Neodymium Iron Boron rare earth magnets are utilised in power generation turbines. A multitude of these magnets are bonded together to increase the overall level of magnetism. This process leads to two potential issues: Firstly, any adhesive or coating between the magnets acts as an air gap and thus reduces the level of magnetism and secondly NdFeB magnets corrode extremely aggressively. This corrosion issue is exacerbated by the environmental conditions that the wind turbines face.
The corrosion mechanism for NdFeB magnets is detailed in Figure 1. This shows that when exposed to water or humid conditions, the Neodymium rich layers at the grain boundaries react to form Neodymium Hydroxide. The effect of this conversion from Nd to Nd(OH)3, is a large volume increase along the grain boundaries, leading to cracking and degradation of magnet properties.
Curtiss Wright Surface Technologies (CWST) has been working on a solution to these issues. This involved developing a high grade anti-corrosion coating with minimal coat thickness (effective air gap). The current market leader for corrosion protection is CWST’s own Everlube 6155 providing 500hours protection in the ASTM B117 salt spray test.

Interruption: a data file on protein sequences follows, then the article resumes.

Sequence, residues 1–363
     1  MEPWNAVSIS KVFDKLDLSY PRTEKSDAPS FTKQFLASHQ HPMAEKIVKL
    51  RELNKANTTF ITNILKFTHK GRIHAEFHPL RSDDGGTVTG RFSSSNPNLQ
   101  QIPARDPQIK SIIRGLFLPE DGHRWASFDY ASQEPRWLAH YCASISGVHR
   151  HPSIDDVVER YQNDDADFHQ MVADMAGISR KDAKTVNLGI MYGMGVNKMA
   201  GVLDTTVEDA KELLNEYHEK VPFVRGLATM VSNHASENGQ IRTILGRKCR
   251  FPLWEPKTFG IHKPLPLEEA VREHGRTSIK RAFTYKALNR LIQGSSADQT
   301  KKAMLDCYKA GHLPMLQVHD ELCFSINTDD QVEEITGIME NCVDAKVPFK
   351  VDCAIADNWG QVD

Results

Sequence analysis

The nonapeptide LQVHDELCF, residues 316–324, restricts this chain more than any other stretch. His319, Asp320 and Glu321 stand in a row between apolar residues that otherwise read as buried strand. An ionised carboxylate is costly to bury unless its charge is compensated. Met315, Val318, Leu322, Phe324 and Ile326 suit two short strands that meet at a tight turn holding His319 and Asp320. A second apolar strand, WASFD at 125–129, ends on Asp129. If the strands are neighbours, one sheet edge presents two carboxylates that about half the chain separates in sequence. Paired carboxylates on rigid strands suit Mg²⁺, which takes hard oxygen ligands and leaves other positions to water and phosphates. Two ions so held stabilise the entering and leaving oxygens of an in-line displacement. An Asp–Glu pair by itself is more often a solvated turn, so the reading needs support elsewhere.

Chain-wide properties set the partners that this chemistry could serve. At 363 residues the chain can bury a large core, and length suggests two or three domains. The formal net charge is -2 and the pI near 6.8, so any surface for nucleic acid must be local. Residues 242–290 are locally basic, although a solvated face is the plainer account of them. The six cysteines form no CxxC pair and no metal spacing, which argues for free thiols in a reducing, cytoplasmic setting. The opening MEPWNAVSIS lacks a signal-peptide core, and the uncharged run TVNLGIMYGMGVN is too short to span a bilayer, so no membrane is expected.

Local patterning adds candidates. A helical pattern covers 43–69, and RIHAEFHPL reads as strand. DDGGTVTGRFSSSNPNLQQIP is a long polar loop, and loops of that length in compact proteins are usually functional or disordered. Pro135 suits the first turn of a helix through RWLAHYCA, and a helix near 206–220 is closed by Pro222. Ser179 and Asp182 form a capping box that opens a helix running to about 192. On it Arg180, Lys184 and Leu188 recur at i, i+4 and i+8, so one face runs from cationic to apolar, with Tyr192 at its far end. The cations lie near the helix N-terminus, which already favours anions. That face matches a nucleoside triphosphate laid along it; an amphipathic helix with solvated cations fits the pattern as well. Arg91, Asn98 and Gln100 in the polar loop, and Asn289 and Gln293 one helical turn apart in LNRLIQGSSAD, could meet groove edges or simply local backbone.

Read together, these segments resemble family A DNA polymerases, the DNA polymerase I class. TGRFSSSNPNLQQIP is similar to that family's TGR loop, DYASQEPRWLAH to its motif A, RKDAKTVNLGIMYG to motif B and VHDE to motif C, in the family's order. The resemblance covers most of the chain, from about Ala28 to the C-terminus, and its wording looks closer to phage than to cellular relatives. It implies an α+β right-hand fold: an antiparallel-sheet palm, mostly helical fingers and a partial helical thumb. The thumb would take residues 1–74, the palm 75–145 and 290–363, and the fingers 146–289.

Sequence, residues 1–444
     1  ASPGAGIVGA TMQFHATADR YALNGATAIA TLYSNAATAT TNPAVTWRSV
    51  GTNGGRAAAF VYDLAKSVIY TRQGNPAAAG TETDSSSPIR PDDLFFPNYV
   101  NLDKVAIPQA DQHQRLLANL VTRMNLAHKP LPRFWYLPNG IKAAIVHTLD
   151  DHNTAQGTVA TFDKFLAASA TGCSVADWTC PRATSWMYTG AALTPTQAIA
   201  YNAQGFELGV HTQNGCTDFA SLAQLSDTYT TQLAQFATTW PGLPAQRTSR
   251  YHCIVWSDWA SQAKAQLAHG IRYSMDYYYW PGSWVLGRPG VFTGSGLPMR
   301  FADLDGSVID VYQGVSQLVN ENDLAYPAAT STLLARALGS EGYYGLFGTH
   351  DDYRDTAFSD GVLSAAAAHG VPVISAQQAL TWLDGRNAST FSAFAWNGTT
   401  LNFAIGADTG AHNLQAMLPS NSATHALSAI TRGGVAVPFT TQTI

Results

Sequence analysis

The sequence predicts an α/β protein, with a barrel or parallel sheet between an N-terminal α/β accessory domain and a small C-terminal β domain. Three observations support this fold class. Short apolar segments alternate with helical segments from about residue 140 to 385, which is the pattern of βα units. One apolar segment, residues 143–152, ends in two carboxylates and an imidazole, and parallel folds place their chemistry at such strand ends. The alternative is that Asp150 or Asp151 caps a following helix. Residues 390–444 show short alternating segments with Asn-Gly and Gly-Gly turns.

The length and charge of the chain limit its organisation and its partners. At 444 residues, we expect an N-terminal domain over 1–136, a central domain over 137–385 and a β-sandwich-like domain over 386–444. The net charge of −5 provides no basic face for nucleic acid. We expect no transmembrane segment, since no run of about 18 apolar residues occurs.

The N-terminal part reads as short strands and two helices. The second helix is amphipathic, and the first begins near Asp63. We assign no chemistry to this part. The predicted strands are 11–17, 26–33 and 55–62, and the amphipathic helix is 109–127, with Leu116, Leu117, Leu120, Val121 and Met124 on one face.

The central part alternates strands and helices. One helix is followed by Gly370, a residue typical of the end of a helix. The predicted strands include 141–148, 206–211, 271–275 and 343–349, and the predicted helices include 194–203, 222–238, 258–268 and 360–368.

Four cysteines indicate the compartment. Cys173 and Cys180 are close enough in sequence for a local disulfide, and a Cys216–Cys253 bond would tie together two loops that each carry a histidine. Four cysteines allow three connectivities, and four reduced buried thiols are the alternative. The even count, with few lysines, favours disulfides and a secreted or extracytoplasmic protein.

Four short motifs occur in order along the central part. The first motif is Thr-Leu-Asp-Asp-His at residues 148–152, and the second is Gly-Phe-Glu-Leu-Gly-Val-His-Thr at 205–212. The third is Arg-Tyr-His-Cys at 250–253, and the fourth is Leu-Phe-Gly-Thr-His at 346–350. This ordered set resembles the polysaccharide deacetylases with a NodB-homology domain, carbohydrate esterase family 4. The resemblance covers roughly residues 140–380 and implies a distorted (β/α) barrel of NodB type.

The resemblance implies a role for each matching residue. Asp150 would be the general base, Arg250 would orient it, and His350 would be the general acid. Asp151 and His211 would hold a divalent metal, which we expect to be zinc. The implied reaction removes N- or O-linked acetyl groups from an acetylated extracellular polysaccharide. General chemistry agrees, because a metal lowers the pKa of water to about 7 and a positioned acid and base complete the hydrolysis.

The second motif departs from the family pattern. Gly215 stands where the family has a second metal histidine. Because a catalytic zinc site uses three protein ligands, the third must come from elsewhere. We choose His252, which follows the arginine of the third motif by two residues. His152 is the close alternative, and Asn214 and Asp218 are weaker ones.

After extensive studies and trials, CWST is pleased to announce they have successfully developed a coating system which will provide 1000hours salt spray resistance for NdFeB magnets at a coating thickness of just 25um. This NEW coating system – Everlube 1155 is environmentally friendly, easy to apply and a cost effective solution to this critical problem. Please contact firstname.lastname@example.org for further details.
Figure 1: Shows the corrosion mechanism for NdFeB rare earth magnets.
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18th May 2015
Often the failure of subsea bolts has been a major cause of gas or oil leakage in offshore installations, so along with the access difficulties for